A trial looking at radiotherapy to prevent spread of mesothelioma after chest wall operation (SMART trial)

Please note - this trial is no longer recruiting patients. We hope to add results when they are available.

Cancer type:





Phase 3

This trial is looking at using radiotherapy to prevent the spread of mesothelioma after having an operation to the chest wall Open a glossary item.

Doctors sometimes give a few radiotherapy treatments to the area where you have a small tissue sample (biopsy Open a glossary item) taken through the skin of the chest or where you have a drain put in to drain fluid from the chest. They think this may stop the mesothelioma cells growing in the scar tissue. They do this as soon after the procedure as possible.

We know from recent research that spreading of mesothelioma to the chest wall may not be as common as doctors thought.  And other studies suggest that having radiotherapy soon after a chest wall operation may not reduce the chances of mesothelioma spreading to the chest wall.

The researchers want to compare giving radiotherapy very soon after a chest wall operation with giving it only if the mesothelioma spreads within the scar tissue.

The aims of this study are to find out

  • The best time to give radiotherapy to lower the risk of mesothelioma spreading to the chest wall
  • The side effects of giving radiotherapy soon after the procedure and how it affects quality of life

Who can enter

You may be able to enter this trial if you have mesothelioma in the covering of your lung (pleural mesothelioma), are at least 18 years and in the last 35 days have had one of the following

You cannot enter this trial if you

  • Have already had radiotherapy to the same area of your chest
  • Have a lump of at least 1cm near the site of the procedure
  • Do not have access to a telephone  

Trial design

This is a phase 3 trial.  It will recruit 203 people.  It is a randomised trial.  You will be put into 1 of 2 groups.  

People in group1 have radiotherapy to the area on the chest wall where they had their operation or procedure.  You have this within 35 days.

People in group 2 will have radiotherapy to the area at a later date, only if they develop signs that the cancer has spread.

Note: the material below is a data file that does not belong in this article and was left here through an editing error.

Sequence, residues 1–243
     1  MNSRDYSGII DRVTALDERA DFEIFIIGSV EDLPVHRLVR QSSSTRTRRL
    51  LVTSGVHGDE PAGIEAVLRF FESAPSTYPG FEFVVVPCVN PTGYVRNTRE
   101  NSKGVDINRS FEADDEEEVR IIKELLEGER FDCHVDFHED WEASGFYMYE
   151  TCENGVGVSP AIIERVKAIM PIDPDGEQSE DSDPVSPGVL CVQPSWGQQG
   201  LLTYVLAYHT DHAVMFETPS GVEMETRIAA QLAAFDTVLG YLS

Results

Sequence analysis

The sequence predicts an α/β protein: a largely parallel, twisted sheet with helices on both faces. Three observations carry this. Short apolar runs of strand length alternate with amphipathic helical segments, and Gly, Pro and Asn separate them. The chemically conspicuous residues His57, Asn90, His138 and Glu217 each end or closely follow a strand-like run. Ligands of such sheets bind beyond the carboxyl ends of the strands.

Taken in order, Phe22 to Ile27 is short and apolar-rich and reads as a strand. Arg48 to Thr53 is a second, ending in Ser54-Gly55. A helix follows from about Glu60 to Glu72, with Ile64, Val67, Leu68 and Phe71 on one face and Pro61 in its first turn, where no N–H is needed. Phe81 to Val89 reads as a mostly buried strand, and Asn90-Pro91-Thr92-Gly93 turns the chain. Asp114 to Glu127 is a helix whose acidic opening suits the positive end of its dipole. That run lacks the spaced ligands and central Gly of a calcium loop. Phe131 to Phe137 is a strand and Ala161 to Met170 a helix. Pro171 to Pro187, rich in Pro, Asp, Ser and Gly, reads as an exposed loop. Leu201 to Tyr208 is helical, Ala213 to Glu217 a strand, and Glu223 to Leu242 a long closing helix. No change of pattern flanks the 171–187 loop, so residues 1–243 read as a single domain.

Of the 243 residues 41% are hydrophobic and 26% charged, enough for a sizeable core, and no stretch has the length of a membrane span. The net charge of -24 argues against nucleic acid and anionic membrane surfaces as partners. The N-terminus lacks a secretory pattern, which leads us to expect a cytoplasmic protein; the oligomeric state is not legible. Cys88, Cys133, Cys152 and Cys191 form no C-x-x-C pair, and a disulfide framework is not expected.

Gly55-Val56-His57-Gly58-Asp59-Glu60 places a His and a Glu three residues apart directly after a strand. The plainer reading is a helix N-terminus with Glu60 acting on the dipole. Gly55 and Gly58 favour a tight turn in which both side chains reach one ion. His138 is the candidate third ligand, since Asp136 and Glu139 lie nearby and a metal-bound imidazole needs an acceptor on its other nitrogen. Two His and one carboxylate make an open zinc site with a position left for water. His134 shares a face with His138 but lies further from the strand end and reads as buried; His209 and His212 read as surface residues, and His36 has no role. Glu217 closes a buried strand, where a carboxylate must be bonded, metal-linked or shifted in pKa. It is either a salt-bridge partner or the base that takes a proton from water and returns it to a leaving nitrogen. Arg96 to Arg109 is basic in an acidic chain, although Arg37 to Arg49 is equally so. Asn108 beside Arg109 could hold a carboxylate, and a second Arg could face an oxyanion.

You have radiotherapy 3 days in a row.  Each visit takes about 30 minutes.

A nurse will phone you monthly to find out if anything has changed around the area where you had your operation.  They will explain to you what to look for.  If you feel a lump in the area, the nurse will make an appointment for you to see the doctor.  If necessary the doctor will arrange for you to have radiotherapy.  For people in group 1 who had immediate radiotherapy, the doctor will talk to you about whether you need more radiotherapy.  

Each month the research team will ask you to fill in a score sheet.  This is to find out how much pain you have (if any).  You fill it in at home and the team will provide you with a pre paid envelope to return the score sheet.  

The researchers will also ask some people who are in the trial and live in Oxford or Bristol to take part in a short interview at their 6 month follow up.  They will ask you about your experiences of being in the trial and your treatment so far.  

Hospital visits

You see the doctor and have some tests before taking part in this trial.  These include

  • A physical examination
  • Recording the place and size of the site of your operation on the chest
  • Recording how much pain you feel at the site

You then see the doctor at 1, 3, 6, 9 and 12 months for the same tests.

Before having radiotherapy you see the doctor to have your radiotherapy planned. This is so the doctor can work out where to give radiotherapy and how much to give. To have radiotherapy you go to hospital on 3 days in a row.  It takes 30 minutes for each treatment.  

Side effects

The most common side effects of radiotherapy include

We have more information about radiotherapy in our radiotherapy section.

Recruitment start:

Recruitment end:

How to join a clinical trial

Please note: In order to join a trial you will need to discuss it with your doctor, unless otherwise specified.

Please note - unless we state otherwise in the summary, you need to talk to your doctor about joining a trial.

Chief Investigator

Dr Nick Maskell

Supported by

NIHR Clinical Research Network: Cancer
NIHR Research for Patient Benefit (RfPB) Programme
North Bristol NHS Trust

Questions about cancer? Contact our information nurses

Freephone 0808 800 4040

Last review date

CRUK internal database number:

Oracle 9045

Please note - unless we state otherwise in the summary, you need to talk to your doctor about joining a trial.

Around 1 in 5 people take part in clinical trials

3 phases of trials

Around 1 in 5 people diagnosed with cancer in the UK take part in a clinical trial.

Last reviewed:

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